Why Are Edible-Insects More Expensive Than Meat?
Edible insects are on the rise in the Western world. Increasingly, people are becoming aware of the potential for insects to help save the planet from climate change, and feed our population with high protein and nutrient-rich meals. However, insects currently appear to come at a price.
If you've ever compared the price of 100 grams of edible insects to the price of the same amount of meat, you might have noticed that insects are significantly more expensive. And there's a good reason why you need to spend more on your grub.
So if insects are meant to be the future of food, why are they so expensive?
Edible insects are not cheap to farm (yet!)
Whilst eating insects is common across the globe, the scale of farming (particularly in Western countries that do not have a long history of eating insects) is in its early stages. Insect production has not yet grown to a sufficient scale or received sufficient investment to build and optimise these systems, with most still relying on manual labour.
One way to reduce the price of insects, is through farming them in purpose-built, well-insulated facilities. This can significantly reduce the costs of heating which are currently one of the most costly inputs, due to the fact that insects are cold-blooded.
Automation is likely to greatly increase the efficiency of farming systems and has already been demonstrated to drive down prices by farms in Europe. These farms have dramatically reduced the price of insect powders to less than a third of their original cost!
Utilising waste food streams from local plant agriculture is key to shaving costs in insect production. Think carrot peels, seed husks and rough grains! Cereal and vegetable waste byproducts can provide a highly sustainable and affordable feed for insects. Due to the exceptionally high conversion of feed to insect mass (they need as little as 1.7kg of feed to create 1kg of insect!), insects are almost guaranteed to be the most efficient and therefore economical and sustainable use of plant agricultural waste. The fact that they turn this waste into a superfood is simply icing on the (bug) cake!
Processing edible insects adds extra costs
Most insects you buy in the Western world have been processed by roasting to form a dry but incredibly tasty and nutrient-dense superfood.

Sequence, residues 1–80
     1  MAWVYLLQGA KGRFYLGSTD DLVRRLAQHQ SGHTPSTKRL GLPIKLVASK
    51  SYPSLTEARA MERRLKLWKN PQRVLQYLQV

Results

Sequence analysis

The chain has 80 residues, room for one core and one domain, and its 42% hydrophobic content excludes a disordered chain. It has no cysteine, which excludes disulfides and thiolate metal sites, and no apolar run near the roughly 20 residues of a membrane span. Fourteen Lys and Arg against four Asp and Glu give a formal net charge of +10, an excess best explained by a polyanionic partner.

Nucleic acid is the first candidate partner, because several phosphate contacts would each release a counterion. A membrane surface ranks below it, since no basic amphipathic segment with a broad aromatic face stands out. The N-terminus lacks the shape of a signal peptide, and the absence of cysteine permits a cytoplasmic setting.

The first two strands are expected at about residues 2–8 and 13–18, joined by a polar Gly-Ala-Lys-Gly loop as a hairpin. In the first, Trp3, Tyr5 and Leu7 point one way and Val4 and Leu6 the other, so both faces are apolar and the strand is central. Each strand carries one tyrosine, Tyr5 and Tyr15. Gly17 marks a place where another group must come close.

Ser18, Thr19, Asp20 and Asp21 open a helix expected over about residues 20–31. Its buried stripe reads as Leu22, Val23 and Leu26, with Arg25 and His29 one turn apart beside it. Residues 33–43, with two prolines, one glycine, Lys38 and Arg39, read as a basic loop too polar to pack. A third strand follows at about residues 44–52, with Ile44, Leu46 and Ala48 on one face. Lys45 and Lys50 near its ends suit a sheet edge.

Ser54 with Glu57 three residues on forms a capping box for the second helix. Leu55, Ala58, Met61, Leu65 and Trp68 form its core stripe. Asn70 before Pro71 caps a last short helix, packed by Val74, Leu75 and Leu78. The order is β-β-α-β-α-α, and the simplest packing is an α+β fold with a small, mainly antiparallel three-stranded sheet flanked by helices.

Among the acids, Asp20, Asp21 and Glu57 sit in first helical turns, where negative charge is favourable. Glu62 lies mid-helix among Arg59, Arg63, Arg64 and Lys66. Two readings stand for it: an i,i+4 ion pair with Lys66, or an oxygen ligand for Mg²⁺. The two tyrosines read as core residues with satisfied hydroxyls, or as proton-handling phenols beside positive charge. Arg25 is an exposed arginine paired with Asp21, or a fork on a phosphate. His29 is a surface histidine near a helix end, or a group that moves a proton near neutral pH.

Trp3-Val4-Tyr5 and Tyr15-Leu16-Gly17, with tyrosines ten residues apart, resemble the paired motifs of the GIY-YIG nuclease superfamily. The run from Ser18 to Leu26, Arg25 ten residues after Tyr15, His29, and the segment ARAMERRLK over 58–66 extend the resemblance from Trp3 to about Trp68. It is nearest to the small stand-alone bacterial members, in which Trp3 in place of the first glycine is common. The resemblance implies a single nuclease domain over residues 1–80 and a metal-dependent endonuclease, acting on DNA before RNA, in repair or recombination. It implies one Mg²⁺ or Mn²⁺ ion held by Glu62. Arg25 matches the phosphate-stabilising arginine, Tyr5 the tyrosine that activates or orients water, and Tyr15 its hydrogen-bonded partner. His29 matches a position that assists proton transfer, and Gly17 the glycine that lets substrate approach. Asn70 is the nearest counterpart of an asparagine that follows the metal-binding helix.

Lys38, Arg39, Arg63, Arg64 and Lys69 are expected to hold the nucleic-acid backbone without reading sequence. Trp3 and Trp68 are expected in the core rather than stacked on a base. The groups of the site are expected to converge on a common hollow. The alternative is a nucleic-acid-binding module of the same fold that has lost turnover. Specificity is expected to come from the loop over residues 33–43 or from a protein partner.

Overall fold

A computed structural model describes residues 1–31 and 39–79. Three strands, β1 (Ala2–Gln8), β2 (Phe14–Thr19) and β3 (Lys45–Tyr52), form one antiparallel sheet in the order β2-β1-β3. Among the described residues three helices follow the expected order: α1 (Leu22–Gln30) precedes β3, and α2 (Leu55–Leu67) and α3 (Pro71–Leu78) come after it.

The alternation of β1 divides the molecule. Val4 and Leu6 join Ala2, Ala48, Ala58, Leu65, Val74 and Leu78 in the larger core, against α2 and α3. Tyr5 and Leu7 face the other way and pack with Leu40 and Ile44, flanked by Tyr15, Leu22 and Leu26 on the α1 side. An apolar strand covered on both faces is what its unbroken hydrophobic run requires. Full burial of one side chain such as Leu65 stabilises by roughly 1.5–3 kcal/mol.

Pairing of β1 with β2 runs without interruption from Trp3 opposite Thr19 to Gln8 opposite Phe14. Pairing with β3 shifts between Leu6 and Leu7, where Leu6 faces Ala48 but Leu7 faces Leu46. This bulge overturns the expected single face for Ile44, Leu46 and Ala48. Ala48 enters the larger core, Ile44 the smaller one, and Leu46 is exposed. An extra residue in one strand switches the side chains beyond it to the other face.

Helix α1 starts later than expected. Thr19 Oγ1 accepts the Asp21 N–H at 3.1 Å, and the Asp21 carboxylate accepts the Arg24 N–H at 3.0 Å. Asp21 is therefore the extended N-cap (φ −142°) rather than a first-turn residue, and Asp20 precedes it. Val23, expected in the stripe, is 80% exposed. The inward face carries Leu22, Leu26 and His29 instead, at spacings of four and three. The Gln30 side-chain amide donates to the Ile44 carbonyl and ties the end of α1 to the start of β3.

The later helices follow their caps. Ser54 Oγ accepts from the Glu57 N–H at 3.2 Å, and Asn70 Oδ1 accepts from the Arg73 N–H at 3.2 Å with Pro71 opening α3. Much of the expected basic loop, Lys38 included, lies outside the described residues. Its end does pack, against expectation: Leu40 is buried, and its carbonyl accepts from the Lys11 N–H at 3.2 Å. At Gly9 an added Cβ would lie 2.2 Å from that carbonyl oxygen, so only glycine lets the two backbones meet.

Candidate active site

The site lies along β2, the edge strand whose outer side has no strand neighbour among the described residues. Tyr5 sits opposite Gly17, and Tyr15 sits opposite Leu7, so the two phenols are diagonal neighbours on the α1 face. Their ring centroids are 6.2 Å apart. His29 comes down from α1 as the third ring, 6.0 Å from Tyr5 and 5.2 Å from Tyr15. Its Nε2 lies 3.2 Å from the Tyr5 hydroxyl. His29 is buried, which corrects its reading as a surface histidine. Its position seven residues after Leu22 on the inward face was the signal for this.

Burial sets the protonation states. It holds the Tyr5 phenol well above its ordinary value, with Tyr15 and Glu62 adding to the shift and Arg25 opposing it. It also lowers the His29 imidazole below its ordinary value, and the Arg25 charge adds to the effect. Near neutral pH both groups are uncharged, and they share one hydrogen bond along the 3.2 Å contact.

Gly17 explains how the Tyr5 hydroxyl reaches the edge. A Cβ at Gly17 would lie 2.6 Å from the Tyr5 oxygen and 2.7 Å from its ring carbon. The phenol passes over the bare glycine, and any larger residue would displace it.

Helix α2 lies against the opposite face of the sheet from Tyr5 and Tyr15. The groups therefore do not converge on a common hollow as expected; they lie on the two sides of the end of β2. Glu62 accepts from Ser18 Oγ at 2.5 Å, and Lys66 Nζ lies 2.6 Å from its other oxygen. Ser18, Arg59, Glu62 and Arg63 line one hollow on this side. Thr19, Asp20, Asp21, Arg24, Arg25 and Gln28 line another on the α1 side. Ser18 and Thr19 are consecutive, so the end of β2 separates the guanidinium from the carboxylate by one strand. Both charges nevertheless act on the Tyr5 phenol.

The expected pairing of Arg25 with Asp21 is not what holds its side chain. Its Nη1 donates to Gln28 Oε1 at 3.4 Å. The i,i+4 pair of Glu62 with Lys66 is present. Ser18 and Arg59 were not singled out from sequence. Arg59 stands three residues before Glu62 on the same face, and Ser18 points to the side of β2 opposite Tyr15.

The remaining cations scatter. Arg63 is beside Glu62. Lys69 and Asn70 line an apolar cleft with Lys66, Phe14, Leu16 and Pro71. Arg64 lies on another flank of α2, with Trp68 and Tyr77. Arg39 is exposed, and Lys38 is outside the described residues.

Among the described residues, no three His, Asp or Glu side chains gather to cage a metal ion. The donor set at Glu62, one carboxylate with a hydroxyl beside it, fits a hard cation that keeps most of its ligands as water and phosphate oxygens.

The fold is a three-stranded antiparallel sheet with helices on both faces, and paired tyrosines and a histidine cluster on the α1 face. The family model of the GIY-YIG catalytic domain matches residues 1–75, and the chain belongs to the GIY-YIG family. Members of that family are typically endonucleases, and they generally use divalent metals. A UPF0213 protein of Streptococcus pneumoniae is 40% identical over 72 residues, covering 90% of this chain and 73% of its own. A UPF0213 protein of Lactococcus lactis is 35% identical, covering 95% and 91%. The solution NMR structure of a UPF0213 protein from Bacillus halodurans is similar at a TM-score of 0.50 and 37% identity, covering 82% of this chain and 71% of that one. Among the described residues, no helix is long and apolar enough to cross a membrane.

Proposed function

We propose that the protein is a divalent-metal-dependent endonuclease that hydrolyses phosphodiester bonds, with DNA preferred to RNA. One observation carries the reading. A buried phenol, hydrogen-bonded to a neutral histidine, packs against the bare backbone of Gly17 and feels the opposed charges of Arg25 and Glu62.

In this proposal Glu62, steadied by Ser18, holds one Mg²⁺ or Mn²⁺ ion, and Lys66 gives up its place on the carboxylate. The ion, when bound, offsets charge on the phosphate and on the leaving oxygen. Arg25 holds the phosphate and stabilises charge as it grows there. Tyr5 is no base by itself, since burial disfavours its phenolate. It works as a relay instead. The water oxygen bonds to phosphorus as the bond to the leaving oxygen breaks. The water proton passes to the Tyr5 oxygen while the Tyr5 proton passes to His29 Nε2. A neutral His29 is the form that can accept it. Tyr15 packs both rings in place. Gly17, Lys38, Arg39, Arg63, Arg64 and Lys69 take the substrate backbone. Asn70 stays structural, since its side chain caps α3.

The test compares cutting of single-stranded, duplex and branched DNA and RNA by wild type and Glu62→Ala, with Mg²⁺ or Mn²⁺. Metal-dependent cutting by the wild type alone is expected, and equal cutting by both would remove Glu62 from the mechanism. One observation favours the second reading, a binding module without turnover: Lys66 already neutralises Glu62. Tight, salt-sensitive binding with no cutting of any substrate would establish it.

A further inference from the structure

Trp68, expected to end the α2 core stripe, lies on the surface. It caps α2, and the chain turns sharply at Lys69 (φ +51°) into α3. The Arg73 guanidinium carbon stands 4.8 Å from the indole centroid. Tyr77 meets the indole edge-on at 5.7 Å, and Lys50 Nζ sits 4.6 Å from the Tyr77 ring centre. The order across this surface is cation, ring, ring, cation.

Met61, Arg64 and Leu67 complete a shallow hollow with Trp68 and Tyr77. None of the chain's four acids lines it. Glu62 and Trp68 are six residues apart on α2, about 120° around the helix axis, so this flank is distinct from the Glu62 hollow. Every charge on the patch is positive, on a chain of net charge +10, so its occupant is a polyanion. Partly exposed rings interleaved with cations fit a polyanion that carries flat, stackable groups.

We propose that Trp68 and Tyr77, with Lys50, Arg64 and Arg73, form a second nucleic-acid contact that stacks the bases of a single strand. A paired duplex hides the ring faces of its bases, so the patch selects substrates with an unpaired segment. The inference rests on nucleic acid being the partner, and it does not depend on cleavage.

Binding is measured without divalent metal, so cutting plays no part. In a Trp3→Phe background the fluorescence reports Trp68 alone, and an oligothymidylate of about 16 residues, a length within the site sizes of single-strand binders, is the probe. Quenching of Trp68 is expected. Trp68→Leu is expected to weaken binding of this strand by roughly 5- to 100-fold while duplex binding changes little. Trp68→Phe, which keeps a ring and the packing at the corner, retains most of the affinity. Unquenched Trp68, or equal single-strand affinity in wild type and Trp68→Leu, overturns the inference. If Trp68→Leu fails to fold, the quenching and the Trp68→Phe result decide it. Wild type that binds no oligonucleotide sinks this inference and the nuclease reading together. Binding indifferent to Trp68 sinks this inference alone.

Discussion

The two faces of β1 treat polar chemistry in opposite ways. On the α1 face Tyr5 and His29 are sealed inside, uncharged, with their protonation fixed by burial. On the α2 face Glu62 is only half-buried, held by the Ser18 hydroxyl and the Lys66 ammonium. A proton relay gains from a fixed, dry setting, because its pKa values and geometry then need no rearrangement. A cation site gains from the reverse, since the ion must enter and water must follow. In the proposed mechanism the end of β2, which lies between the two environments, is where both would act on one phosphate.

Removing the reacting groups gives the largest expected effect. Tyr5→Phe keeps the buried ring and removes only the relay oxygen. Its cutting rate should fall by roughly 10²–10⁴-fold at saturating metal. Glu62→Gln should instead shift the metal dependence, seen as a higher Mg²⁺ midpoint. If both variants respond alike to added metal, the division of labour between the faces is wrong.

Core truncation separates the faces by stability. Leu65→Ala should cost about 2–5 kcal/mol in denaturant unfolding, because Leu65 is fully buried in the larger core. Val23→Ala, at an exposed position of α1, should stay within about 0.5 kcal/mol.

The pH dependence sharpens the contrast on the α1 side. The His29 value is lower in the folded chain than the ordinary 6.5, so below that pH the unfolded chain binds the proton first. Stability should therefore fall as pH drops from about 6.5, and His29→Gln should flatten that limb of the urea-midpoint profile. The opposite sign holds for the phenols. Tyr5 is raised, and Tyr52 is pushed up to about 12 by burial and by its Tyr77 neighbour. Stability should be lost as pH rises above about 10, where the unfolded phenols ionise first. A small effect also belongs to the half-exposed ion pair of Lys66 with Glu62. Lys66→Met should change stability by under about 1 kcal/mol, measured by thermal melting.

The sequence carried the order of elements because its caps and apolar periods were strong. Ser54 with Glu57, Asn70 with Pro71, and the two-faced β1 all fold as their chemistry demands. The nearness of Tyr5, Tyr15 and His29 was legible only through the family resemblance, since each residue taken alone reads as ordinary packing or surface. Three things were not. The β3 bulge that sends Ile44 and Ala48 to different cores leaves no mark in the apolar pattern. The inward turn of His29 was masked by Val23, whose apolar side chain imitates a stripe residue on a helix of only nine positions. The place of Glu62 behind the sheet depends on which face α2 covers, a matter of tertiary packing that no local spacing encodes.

The roasting removes around 75% of the total weight of the insect (mainly fats and water). This means that the final product is absolutely packed with nutrients – 69% protein (that's 3 times the amount of protein in a steak!), calcium, zinc, vitamin B12, and all sorts of key vitamins and minerals.
However, the roasting process adds additional production costs that contribute to the price of crickets on the market today.
Are edible insects really more pricey?
Although the average portion of insects may only weigh between 10g-30g, they are very filling! If you compare the protein and micronutrients in 100 grams of insects to 100 grams of beef, you'll notice that edible insects are much richer in protein, zinc, potassium, calcium, and more! For example, steak is only 27% protein while roasted crickets are 69% protein.
This means that to get the same amount of nutrition as in a steak from bugs, you can eat 3x less, and therefore it is important to consider this when comparing the price.
Alongside concentrating all of those tasty nutrients, roasting insects also allows you to keep them on the kitchen shelf for up to a year, meaning that you don't have to worry about your protein source going out of date before you get a chance to cook it.
To summarise, edible insects may appear to be more expensive than meat because their production has not grown to a sufficient scale and mostly still relies on manual labour. Additionally, edible insects usually go through an additional roasting step, which helps elongate their shelf life and increase the amount of protein and nutrients per 100 grams of the product.
If you want to give edible insects a try, click the link below and enjoy all of its nutrients and proteins!
Until next time,
Leo & Aaron